Life after levels – what next?
New Scholastic UK report highlights confusion and lack of consistency in secondary schools’ response to ‘life after levels’
Scholastic UK, part of the global children’s publishing, education and media company, today released a new report which provides fresh insight into how schools are measuring attainment and progress in Years 7-9 following the end of well-established attainment levels in 2014.
Life after levels – what next?, which is based on in-depth interviews with multi-academy trust and school leaders and a survey of 122 secondary schools, investigates how the teaching profession has responded to the requirement to develop its own methods for assessment and tracking pupil progress at Key Stage 3.The report’s key findings are that:
- Schools are generally united in their view that ‘levels’ had evolved into an assessment framework that was not fit for purpose and that change was needed.
- There has been a lack of guidance for schools in identifying alternatives to levels and on what they report to pupils, parents and regulators.
- There is currently no one definitive approach that schools are taking in response – some have developed their own systems, many are continuing with levels under other names, whilst others are still unsure of their plan.
- The lack of a standard system within schools and between schools is expected to create problems around national benchmarking and for pupils and teachers moving between schools operating different systems.
- The issues of effective entry baseline assessment into Year 7 and lack of clarity around new GCSE grades are cited as major related concerns for secondary schools.
In launching the report, Catherine Bell, Co-Group Managing Director of Scholastic UK, said: “The value of this report is that it draws attention to the issues that schools have faced, and in many cases are still facing, in the transition from levels to a new framework. By highlighting the response from a representative group of multi-academy trusts and schools, we can provide clear guidance on where schools need support in delivering on this agenda going forward. Our objective is to shine light on where the teaching profession is now and where we need to go next to help deliver the best possible outcome for pupils.”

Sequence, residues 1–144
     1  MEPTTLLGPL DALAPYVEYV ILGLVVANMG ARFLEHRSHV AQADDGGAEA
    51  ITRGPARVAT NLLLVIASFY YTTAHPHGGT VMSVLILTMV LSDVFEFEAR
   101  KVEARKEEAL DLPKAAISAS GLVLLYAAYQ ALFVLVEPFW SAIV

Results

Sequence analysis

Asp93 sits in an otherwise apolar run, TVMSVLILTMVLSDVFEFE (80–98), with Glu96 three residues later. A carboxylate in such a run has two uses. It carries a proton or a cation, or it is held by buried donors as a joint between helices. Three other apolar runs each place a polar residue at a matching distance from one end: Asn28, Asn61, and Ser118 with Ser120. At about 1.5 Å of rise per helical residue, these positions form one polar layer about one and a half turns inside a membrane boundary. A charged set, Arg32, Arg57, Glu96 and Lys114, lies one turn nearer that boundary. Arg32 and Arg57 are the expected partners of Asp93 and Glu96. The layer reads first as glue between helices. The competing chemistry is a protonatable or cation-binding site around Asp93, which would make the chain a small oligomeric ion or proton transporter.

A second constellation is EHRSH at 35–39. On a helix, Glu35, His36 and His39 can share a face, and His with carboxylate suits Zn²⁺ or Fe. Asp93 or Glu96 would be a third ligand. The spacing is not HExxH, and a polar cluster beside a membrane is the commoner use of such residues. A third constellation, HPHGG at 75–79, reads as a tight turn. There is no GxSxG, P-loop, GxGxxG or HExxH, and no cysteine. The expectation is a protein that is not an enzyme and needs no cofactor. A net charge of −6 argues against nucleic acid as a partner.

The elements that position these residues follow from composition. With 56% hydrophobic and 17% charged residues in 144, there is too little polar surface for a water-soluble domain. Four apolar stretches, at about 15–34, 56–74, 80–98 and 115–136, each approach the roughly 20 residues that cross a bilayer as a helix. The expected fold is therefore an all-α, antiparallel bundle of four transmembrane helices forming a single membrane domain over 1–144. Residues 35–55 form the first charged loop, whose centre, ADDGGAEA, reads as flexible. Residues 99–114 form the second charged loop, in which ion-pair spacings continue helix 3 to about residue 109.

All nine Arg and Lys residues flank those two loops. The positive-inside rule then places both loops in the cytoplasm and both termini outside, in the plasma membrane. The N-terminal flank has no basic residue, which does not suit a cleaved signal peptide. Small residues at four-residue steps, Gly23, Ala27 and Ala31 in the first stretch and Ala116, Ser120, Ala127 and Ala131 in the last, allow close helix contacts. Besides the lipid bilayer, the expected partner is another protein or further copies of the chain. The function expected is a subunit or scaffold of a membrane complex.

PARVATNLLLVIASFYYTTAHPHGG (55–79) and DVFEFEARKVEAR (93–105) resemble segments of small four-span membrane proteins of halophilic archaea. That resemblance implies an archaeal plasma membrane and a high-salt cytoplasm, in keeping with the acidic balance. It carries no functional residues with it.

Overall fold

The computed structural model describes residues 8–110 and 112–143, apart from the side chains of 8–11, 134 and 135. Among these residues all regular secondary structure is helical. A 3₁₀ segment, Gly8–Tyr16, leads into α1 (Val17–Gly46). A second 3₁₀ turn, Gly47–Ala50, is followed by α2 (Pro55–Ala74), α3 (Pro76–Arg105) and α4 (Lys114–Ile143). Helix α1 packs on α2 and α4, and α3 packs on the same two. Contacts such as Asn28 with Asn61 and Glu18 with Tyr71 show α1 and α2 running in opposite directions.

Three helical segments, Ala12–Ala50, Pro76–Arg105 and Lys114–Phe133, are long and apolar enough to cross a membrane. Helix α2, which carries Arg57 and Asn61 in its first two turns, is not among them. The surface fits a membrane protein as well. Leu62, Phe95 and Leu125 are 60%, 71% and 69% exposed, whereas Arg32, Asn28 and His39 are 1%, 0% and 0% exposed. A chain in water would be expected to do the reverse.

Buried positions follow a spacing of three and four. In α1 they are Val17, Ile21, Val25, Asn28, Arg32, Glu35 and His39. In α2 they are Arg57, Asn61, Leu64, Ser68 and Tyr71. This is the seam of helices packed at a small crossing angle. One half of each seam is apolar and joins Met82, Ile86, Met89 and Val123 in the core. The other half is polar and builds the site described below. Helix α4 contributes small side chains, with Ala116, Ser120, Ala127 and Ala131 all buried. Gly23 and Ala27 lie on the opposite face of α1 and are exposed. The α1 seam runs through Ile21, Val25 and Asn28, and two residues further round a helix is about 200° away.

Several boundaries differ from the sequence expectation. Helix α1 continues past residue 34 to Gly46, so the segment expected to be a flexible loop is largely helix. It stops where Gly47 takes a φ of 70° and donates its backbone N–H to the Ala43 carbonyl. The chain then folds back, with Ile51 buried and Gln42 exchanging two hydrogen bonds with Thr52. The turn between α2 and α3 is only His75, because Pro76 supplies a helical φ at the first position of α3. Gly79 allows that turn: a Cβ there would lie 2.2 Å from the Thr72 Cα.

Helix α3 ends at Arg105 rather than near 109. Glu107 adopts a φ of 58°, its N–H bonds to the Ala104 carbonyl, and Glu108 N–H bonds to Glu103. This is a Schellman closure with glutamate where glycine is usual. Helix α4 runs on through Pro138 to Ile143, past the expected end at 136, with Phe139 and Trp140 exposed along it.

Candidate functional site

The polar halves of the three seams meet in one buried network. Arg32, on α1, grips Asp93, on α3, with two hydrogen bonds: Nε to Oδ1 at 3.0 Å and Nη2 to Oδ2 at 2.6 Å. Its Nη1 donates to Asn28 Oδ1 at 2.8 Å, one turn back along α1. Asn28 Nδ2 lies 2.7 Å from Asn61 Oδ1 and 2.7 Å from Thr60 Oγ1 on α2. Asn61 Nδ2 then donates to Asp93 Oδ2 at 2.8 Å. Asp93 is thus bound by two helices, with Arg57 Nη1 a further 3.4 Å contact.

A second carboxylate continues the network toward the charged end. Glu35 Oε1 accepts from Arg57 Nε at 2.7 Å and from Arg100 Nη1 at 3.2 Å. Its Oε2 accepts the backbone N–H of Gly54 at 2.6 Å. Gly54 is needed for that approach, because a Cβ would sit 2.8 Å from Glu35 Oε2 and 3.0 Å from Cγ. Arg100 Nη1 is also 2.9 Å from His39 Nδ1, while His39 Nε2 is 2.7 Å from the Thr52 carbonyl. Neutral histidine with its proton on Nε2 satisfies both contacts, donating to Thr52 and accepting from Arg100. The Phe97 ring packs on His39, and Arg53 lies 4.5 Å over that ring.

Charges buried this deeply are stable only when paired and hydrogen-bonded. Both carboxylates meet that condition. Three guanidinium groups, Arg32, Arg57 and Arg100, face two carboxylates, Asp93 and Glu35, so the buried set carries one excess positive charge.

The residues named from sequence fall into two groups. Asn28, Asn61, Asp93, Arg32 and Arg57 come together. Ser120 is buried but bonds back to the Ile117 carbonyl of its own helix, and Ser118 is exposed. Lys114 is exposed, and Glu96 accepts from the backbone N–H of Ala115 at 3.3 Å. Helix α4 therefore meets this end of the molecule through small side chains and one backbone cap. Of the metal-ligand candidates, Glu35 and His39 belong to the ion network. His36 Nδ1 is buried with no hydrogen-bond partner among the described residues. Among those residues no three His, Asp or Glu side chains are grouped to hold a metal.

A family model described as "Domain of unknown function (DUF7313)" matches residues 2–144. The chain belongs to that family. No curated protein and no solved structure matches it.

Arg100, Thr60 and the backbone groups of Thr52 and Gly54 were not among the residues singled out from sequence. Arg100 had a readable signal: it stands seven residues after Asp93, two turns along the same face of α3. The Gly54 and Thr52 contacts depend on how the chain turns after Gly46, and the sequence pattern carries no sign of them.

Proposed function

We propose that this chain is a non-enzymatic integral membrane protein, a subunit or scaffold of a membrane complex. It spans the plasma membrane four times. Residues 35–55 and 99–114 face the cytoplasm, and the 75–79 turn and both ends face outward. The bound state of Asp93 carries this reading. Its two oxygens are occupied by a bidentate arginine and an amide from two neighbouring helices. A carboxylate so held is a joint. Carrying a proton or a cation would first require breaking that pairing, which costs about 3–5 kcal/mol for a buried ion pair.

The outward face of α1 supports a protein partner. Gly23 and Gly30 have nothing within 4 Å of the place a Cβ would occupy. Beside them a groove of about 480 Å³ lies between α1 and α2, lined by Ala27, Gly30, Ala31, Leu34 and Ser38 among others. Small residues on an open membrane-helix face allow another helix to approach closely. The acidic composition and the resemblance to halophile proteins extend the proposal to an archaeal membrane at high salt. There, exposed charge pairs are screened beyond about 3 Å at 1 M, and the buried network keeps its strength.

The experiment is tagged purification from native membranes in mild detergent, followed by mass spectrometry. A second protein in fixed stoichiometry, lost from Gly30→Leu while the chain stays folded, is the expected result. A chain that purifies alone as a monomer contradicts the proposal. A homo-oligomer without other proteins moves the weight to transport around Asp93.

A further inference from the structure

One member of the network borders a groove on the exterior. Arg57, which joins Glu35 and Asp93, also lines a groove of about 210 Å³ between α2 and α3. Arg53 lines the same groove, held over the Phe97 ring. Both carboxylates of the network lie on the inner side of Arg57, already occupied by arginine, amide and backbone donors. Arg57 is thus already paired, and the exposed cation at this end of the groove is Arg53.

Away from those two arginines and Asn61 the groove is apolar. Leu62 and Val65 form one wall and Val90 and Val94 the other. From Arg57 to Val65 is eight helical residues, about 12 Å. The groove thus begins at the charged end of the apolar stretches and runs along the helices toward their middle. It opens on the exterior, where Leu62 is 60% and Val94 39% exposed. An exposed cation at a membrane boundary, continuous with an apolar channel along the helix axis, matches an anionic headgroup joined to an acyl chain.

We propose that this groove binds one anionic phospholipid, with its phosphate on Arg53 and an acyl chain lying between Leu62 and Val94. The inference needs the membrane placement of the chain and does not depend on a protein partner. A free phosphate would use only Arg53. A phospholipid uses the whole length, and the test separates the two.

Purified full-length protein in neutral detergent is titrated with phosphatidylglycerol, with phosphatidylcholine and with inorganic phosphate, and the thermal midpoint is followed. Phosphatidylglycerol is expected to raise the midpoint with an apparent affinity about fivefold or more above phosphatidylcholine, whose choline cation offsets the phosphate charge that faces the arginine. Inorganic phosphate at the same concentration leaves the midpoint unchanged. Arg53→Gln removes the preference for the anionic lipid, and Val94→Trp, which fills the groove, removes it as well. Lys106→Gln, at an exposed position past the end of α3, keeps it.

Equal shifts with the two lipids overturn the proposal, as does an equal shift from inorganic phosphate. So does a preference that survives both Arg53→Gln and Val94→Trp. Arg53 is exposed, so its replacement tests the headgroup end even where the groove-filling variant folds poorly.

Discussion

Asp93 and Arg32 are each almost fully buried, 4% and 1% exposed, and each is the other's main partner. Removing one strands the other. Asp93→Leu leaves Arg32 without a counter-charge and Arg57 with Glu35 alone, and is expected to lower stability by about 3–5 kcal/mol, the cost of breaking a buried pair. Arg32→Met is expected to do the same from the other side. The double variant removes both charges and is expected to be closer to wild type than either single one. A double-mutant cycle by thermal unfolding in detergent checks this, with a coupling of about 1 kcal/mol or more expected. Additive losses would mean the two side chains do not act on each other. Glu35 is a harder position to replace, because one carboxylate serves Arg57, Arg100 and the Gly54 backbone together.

Scholastic offers a standard assessment and progress monitoring, tracking and reporting programme called STEPS (Strategic Targets for Educational Progress and Success in Key Stage 3). Developed in partnership with Darrick Wood School in Orpington, the cornerstone of STEPS is a simple grid and a progressive set of attainment targets that present challenge at all levels of ability throughout Key Stage 3. The grids are broken down into subject ‘Strands’ and then ‘Steps’ which means pupils can make fine levels of progress and teachers can create incremental, personalised targets based on assessment throughout Key Stage 3. It also provides crucial baseline assessment tests.
“What schools are looking for is confidence that any new system will not disappear overnight,” said Martin Smith, Assistant Headteacher at Darrick Wood School and creator and developer of STEPS. “As teachers, we don’t want to be changing systems again in five years’ time – we are looking for security, and STEPS provides that. We have shown that our system is effective – it measures progress and assessment simultaneously, and creates easily understandable data and a structure for teaching. It is also completely flexible and adaptable, so schools can adapt STEPS for their own purposes.”
Life after levels – what next? can be downloaded at www.scholastic.co.uk/ks3.